Remembering the Past, Shaping the Future

"Six million of the Jewish people were slaughtered in the Holocaust. Not everyone has learned the lesson, unfortunately," Israeli Prime Minister Benjamin Netanyahu declared last year at the Yom HaShoah ceremony at Yad Vashem in Jerusalem, which was broadcast, like it is every year here, on Israeli TV. 

As the number of Holocaust survivors dwindles due to old age, there is an imminent need to share their testimony, especially as Iranian President Mahmud Ahmedinijahd's declaration of "wiping Israel off the map" continues to be ignored by the world community. The need to recall their stories whether in person or via visual presentation, as well as learning about all the specific details of the Holocaust, is urgent. Many of these survivors still travel to schools worldwide to educate as a means to combat ignorance as well as Holocaust denial, a prevalent threat to today's modern world, particularly from Iranian President Mahmud Ahmedinijahd, whose proclamation of the Holocaust as 'myth' is met by indifference in the world community. Fortunately, not in Israel.

Education, remembrance, honor, as well as defiance were the integral themes during the ceremony, which carried over to the following day, as is custom of the Jewish calendar. Yom Hashoah brought sirens at 10am, as it does every year for this somber holiday, in which the entire nation pauses in tribute. At Yad Vashem, the morning brought many students and servicemen and women, as well as visitors from all ages- paying tribute to the victims of the Shoah, as it is known in Hebrew and universally deemed. 

As I covered the Yom HaShoah event, I was touched not only by the throngs of international visitors and Israeli servicemen and women who came atop Mount Herzl, but also by their overall interest to all of the varied and comprehensive exhibitions.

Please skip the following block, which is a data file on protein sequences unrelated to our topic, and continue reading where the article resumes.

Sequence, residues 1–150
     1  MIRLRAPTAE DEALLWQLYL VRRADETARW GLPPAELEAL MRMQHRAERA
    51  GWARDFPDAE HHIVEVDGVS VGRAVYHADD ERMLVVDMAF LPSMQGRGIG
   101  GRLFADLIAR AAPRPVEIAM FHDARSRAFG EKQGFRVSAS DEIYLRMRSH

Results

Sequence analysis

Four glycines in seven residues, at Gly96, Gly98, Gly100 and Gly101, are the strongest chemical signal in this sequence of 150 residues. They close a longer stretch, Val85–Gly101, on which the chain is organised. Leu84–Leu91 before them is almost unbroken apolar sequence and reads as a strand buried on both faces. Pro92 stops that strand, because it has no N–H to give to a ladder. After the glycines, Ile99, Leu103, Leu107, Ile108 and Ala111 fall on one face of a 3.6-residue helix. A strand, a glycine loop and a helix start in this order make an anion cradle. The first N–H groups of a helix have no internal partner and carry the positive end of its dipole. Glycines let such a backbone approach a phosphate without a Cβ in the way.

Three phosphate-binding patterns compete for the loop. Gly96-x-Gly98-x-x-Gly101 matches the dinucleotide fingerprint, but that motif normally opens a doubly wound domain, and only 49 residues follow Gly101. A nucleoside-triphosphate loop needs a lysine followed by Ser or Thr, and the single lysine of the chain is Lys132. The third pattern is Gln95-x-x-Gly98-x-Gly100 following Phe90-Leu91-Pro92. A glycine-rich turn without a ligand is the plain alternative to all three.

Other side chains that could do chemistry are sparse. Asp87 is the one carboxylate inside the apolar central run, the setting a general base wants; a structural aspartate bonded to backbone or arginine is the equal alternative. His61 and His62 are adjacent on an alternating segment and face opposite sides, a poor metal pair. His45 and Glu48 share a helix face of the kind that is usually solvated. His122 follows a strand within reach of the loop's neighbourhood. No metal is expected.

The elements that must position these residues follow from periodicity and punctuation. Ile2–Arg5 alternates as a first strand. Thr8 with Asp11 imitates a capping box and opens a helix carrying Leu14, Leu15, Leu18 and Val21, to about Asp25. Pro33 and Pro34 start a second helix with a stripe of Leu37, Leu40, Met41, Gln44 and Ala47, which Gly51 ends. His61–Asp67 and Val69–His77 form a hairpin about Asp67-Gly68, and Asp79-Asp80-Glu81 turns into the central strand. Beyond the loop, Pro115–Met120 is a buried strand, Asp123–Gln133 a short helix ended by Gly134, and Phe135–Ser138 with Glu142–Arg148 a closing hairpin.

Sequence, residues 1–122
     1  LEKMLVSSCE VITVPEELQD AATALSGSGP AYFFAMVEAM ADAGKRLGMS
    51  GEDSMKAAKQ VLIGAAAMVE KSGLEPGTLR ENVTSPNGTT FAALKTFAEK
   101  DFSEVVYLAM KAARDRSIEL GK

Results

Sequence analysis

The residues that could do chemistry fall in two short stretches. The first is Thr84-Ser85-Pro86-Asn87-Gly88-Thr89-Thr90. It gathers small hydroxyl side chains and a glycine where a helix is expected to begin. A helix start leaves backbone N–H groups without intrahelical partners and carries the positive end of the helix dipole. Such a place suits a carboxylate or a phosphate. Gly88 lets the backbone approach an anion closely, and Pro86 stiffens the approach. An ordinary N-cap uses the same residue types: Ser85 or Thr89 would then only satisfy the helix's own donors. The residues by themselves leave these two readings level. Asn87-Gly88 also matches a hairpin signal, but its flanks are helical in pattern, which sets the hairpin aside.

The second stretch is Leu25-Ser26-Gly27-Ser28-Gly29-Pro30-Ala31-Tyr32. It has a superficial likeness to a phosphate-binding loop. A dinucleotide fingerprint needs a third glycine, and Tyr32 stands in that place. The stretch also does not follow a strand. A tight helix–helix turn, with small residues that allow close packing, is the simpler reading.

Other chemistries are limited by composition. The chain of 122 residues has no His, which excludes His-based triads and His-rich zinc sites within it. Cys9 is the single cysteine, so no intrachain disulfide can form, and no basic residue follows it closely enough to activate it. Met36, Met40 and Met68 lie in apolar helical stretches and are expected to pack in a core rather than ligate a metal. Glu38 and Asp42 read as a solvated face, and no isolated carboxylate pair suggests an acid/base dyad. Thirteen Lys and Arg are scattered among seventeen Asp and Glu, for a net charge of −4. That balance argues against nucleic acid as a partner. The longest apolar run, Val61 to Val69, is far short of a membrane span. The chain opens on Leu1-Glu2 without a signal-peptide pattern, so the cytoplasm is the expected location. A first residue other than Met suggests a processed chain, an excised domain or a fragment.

"It's moving, emotional and busy," Yad Vashem's Foreign Media Liaison Estee Yaari told me. "The importance to talk about the Holocaust is even higher than in years past."  Recently, "there has been a spike" of hits on Yad Vashem's web site, which includes a list database of names of those who perished accompanied by various testimony videos, provided by the Steven Spielberg's Shoah Foundation in Los Angeles. 

Ms. Yaari told me the number of web visitors has grown to 260,000, an increase of 43% from 2008. For many of the survivors who attended the ceremony as well as for those who came to the exhibits on Yom HaShoah, while being already educated about the plight of the Jews by the Nazis, the impetus to come served to remind them and their ilk to honor the fallen victims, mostly their family members. Their presence also meant to remember how lucky they were to survive, not to mention to accept the fragility of human existence. Those who have never been to Yad Vashem in Israel must go. 

Steven Spielberg once said he made "Schindler's List" to try to fathom the ineffable, which was the Holocaust. It was inspiring to see so many were compelled to be in such a poignant place.  As the banner on the stage podium reads, one needs to be," remembering the past, [as a means to be] shaping the future." It is an obligation for people of all faiths to continue educating the youth about the Holocaust.  

A trip to Jerusalem's Yad Vashem is a good start.